Gaels from Dan Popera to Barry Scroggins to Will Thomas played here, matching up against visitors the caliber of Quintin Dailey, Carmelo Anthony and Rudy Gay. Completed in 1954 and originally dedicated to the 78 Mount men who died in World War II, the rambling 30,000 square foot gym in 1991 was also dedicated to alumni who served in Korea and Vietnam.
Phase II of the Campaign for Mount St. Joseph, which will cost an estimated $18.5 million, will include the renovation of the existing gym and the construction of what will be a 58,000 square-foot athletic complex. The project is scheduled to be completed in the spring of 2014.
I saw my first college game at Memorial Gymnasium, Towson State against the University of Baltimore, in 1967 or ’68. The UB Bees did not have a suitable gym, but they did have a scoring machine in Bunny Wilson, who played with a toothpick in his mouth. I did the same for the next month. In 1969, my St. Rose of Lima eighth-grade team was privileged to compete in the Sweet Sixteen tournament, which the Mount St. Joe community has been staging since 1961, the heyday of CYO athletics. The 53rd annual will be played March 2-4.
On the high school front, the second-seeded Gaels are suddenly favored to win the BCL tournament, after Mount Carmel’s stunning upset of top-seeded St. Frances Academy.
Basketball players from Mount St. Joseph and Loyola Blakefield match up in 1961, the same year the St. Joe community began to host the Sweet Sixteen tournament, which continues to showcase top eighth-grade players.
February 22, 2013 11:26
By Paul McMullen
Bidding on eBay began at $3 million in early October on a letter from Albert Einstein, in which he dismisses God as “nothing more than the expression and product of human weaknesses.”
My Mom never spent a day in a college classroom, but I believe she produced a pretty good counter to the great mind of Einstein.
This essay, which references my mother’s 1997 funeral, appeared in the Oct. 4 issue of the Catholic Review. I wrote it before heading to Texas, where my wife, Mary, and I hosted our daughter Kate’s wedding in late September. As the happy day approached, we fretted about a tropical storm inundating the Hill Country. Sure enough, the night before the wedding, the welcome party was drenched by a strong downpour. It didn’t last long, however, and produced the glorious double rainbow shown in the accompanying photo.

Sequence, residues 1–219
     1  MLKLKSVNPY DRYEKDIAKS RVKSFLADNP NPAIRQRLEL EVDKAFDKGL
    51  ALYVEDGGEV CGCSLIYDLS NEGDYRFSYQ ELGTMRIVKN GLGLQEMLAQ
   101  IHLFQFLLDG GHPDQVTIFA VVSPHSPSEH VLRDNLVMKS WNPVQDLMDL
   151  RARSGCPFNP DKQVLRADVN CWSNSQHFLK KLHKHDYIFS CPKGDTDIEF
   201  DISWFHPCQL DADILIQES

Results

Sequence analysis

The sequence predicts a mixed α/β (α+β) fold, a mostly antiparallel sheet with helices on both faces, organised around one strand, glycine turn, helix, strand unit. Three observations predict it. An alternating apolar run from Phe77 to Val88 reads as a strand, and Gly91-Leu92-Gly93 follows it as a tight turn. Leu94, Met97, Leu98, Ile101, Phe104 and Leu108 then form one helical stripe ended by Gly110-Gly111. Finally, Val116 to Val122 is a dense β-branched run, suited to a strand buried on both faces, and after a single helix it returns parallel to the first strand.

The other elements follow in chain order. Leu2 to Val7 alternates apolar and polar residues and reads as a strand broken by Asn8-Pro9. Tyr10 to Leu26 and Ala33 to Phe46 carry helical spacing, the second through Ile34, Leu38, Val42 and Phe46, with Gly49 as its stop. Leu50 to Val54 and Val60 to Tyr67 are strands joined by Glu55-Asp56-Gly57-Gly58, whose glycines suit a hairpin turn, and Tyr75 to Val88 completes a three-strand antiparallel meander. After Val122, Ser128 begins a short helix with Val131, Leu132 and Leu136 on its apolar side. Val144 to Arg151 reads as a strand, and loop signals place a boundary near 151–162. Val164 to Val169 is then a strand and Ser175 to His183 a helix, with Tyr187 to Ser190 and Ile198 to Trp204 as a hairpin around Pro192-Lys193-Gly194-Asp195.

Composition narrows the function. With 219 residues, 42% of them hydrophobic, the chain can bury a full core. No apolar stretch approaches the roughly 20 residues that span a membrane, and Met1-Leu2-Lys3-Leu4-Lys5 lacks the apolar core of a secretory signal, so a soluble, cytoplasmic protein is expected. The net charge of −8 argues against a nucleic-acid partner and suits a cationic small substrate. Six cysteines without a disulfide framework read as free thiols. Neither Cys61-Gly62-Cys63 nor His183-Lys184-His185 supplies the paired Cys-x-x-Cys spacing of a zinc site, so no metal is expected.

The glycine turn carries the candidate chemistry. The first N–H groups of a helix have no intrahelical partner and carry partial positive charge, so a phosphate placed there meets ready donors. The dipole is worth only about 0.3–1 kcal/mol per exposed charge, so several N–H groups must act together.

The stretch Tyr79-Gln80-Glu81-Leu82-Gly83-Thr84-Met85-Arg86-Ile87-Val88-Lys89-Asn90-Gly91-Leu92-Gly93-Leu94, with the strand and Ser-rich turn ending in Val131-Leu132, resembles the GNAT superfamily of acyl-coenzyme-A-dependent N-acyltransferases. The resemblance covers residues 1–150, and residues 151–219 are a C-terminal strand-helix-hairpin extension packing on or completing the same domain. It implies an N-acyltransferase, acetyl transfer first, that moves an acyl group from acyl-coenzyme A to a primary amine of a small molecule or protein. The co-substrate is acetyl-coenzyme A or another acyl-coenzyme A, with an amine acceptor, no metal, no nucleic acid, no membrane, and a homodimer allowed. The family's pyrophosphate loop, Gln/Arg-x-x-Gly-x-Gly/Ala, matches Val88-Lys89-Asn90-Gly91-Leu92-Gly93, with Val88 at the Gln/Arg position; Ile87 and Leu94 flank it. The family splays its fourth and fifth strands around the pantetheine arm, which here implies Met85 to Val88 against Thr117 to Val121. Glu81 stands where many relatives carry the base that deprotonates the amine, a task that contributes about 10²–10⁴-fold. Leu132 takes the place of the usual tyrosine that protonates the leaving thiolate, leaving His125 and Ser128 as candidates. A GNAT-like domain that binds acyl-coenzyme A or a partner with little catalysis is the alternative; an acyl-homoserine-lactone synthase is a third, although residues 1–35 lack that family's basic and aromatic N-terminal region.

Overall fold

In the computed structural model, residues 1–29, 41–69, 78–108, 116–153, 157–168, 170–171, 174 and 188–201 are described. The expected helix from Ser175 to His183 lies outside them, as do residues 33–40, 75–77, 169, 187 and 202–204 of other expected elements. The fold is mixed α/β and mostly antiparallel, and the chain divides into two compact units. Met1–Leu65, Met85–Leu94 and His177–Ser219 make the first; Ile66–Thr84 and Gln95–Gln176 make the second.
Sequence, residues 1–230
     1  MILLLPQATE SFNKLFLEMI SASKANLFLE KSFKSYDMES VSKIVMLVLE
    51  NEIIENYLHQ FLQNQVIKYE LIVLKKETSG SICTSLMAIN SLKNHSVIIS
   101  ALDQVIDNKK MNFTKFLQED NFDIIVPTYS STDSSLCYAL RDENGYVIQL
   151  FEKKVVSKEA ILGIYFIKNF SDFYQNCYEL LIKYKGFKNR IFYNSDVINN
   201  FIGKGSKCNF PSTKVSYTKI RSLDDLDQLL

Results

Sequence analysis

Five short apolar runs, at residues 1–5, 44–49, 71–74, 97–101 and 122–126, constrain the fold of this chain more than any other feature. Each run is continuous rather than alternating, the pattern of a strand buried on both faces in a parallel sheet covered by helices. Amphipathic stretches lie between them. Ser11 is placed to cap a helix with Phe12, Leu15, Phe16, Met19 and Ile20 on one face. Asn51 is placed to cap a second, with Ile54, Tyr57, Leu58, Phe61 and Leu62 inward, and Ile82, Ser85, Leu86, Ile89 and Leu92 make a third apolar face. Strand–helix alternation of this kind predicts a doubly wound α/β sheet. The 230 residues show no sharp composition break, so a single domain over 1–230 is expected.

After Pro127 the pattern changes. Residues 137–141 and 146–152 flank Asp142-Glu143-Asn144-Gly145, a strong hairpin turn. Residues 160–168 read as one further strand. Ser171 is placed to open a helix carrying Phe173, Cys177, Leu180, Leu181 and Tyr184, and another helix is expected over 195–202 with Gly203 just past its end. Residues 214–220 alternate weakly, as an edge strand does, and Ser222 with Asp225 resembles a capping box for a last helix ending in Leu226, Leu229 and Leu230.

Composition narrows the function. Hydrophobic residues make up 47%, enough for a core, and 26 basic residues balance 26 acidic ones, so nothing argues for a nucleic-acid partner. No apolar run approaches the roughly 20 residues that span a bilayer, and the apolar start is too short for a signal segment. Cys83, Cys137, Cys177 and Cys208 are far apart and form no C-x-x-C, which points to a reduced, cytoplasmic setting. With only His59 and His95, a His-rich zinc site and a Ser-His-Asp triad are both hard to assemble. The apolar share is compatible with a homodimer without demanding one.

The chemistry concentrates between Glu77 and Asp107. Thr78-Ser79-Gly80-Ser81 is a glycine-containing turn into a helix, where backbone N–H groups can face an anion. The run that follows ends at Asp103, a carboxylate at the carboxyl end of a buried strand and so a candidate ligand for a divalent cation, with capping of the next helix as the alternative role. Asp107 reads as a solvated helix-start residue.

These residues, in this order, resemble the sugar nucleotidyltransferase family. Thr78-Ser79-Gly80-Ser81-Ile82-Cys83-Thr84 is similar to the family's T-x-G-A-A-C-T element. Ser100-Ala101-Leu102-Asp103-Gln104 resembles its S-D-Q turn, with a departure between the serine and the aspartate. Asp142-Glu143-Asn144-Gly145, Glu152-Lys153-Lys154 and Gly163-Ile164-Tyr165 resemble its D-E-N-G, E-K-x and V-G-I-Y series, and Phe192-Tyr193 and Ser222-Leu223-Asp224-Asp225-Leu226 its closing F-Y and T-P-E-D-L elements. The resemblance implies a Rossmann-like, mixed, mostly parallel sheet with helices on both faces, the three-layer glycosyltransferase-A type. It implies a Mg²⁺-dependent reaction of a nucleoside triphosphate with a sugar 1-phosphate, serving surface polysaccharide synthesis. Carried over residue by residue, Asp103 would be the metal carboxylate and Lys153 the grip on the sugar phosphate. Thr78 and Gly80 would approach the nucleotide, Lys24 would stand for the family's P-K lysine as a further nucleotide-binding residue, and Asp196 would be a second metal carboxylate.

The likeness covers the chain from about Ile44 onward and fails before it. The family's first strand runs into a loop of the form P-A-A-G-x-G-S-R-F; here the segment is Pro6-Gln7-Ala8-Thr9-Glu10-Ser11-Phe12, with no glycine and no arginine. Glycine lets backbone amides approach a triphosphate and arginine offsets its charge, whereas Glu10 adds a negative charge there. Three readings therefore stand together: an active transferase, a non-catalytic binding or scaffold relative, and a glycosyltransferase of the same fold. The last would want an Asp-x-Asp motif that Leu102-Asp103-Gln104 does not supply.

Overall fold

For the record, that rainbow was courtesy of Tropical Storm Miriam.
My mother’s name? Miriam.
October 23, 2012 04:25
By Paul McMullen
In early June, I stumbled across the fact that Rick Detorie, creator of “One Big Happy,” what I feel is the most life-affirming of America’s funnies, was a product of Loyola Blakefield and, before that, St. Thomas Aquinas School in Hampden. One quick email exchange later, Rick agreed to a profile, and asked for some preliminary questions. What followed was a 2,200-word response that reflects the wellspring of material that goes into his work.
Some verbatim responses from that Q and A follow.
Q. How much of the comic strip is based on your early life?
A. A lot. I lived with my dad and mom and two younger sisters, Terry and Sandy, right next door (coincidentally) to my father’s parents, Nick and Theresa.
In the strip the grandparents are named Nick and Rose because they’re both short names, which take up less space in a caption. ROSE may have fewer letters than THERESA, but I really screwed up when I introduced characters like PLAYGROUND LADY and HOMEWORK HOTLINE LADY. A lot of hand-crippling lettering goes into those two names.
Q. Who was the inspiration for Grandpa?
A. Well, Grandpa Nick may have the same name as my own grandfather, “Pop,” who was bald, wore glasses and baggy pants, and every Saturday would slip me a few bucks when he returned from the track, (a two-dollar bill if he lost and a fiver if he won), but that’s where the similarity ends.
Whereas Grandpa Nick is good-natured, courteous and witty, Pop was grumpy, rude, and a profligate cusser. He would annoy the neighbors, including us, by burning trash in his incinerator (usually when the wash had just been hung on the line to dry), and by pounding garbage can lids with a hammer at sunset to scare roosting birds out of the many trees on the property.